Students call for aggressive action on emergency aid

Aid would help students pay for unexpected food, housing, medical and technology costs during COVID disruptions. 

Students trying to stay in college—or head home when campuses close—need more than CARES Act funding to cope with COVID’s ongoing disruptions, says an advocacy group.

Today’s Student Coalition is calling on policymakers to create a competitive grant program to support emergency aid funds at colleges and universities.

The aid would help students pay for unexpected food, housing, medical and technology costs.

Emergency assistance is also neededto cover transportation and storage costs, institutional fees, car repairs and other expenses students have incurred as they shift between in-person to online learning.

More from UBWhy Biden’s ed agenda prioritizes community colleges 

The coalition says a new grant program should also provide more robust methods for notifying students of the eligibility for emergency aid.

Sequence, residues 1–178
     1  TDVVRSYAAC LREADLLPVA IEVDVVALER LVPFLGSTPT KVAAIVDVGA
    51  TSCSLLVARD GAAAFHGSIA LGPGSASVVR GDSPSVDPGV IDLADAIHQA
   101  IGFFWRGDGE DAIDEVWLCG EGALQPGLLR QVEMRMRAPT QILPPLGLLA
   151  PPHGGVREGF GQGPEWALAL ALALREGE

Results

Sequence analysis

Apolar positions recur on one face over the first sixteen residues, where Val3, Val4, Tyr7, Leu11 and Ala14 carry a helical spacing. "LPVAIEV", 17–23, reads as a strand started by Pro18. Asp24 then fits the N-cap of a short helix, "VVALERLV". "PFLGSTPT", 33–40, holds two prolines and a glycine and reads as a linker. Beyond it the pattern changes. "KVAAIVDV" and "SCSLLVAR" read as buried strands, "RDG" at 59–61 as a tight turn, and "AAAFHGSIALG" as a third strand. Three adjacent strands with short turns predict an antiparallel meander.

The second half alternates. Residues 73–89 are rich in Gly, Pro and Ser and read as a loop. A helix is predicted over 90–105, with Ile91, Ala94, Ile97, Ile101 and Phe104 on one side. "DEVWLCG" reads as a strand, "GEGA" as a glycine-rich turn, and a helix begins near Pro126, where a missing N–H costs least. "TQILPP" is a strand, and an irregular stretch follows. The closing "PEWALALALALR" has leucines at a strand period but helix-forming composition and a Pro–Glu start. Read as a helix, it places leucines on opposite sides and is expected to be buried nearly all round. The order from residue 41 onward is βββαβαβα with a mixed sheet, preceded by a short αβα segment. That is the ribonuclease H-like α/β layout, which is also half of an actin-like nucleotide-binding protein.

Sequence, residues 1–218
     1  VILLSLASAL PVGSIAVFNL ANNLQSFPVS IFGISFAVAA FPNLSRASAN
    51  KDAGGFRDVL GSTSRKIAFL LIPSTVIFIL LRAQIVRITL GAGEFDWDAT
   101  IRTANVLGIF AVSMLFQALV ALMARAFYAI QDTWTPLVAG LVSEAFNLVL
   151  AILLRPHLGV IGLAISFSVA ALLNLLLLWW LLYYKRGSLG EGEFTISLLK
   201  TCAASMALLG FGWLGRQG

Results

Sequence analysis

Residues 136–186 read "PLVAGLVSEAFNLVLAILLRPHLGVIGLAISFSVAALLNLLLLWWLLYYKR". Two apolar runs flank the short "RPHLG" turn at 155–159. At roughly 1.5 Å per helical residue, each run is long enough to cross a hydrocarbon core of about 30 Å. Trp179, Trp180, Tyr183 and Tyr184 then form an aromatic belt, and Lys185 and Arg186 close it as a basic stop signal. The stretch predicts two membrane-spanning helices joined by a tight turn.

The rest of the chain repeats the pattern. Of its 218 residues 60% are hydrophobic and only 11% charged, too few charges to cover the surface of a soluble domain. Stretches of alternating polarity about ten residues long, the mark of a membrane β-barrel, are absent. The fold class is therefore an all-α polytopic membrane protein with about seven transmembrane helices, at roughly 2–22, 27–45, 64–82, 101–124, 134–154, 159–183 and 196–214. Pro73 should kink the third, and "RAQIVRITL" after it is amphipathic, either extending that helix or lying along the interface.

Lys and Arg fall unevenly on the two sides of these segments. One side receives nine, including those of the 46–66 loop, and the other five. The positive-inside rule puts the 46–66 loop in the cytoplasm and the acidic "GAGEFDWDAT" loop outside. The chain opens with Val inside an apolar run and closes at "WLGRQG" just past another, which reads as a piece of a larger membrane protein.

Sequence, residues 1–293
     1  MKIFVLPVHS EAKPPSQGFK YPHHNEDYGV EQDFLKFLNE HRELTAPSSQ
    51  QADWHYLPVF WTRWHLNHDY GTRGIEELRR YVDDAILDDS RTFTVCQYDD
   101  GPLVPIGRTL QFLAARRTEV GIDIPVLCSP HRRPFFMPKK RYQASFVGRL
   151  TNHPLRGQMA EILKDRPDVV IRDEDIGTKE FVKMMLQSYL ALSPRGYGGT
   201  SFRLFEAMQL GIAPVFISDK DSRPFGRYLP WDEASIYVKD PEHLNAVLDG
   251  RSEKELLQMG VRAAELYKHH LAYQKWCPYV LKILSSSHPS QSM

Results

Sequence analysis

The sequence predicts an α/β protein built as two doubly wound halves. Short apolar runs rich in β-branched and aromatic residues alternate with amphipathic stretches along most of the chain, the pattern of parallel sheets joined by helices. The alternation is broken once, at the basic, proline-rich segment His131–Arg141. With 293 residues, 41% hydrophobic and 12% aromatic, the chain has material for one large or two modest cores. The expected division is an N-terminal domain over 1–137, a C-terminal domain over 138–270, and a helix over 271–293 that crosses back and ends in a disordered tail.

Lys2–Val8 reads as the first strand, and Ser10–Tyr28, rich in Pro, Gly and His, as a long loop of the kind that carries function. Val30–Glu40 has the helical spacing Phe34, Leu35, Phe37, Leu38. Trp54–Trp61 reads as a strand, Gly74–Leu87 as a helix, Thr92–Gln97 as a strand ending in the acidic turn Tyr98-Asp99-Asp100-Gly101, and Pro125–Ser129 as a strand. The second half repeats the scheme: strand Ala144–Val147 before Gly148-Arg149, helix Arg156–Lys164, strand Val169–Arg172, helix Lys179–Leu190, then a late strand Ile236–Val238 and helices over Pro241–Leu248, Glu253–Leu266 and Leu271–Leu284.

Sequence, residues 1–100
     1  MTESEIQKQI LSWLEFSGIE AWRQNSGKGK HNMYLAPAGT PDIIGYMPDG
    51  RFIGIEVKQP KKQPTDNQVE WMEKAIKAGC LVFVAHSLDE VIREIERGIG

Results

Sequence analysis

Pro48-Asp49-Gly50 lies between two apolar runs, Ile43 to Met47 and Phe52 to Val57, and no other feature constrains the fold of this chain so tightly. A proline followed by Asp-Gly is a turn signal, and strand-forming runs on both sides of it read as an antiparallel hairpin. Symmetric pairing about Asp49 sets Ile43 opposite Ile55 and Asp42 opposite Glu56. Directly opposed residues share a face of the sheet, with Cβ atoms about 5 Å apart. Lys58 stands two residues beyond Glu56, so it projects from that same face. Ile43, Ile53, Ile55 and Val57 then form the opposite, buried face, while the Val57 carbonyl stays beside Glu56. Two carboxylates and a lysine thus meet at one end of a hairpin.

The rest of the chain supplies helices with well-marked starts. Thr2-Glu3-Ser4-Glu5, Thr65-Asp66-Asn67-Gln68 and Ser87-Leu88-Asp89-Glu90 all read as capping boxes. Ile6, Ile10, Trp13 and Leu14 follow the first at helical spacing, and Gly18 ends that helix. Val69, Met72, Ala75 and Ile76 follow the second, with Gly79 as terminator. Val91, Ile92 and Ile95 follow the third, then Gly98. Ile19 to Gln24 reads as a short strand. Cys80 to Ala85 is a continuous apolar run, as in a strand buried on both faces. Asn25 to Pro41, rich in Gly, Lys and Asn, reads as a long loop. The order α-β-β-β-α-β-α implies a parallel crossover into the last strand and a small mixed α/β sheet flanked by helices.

More transparent criteria and processes are also needed, says the coalition, which comprises policy, advocacy, and membership organizations that are focused on student success.

Sudden campus closures are particularly challenging for low-income students who rely on campus as more than a place to attend lectures. The 60% of students who work while in colleges are also facing the uncertainties of the volatile COVID labor market, the coalition says.

And the one in four students who is a parent may also be dealing with increased childcare costs, or may have had to leave a job to care for children whose schools are closed, the group says.

More from UBNew analysis—Student loan borrowers with no degree 

Matt Zalaznick
Matt Zalaznick
Matt Zalaznick is a life-long journalist. Prior to writing for District Administration he worked in daily news all over the country, from the NYC suburbs to the Rocky Mountains, Silicon Valley and the U.S. Virgin Islands. He's also in a band.

Most Popular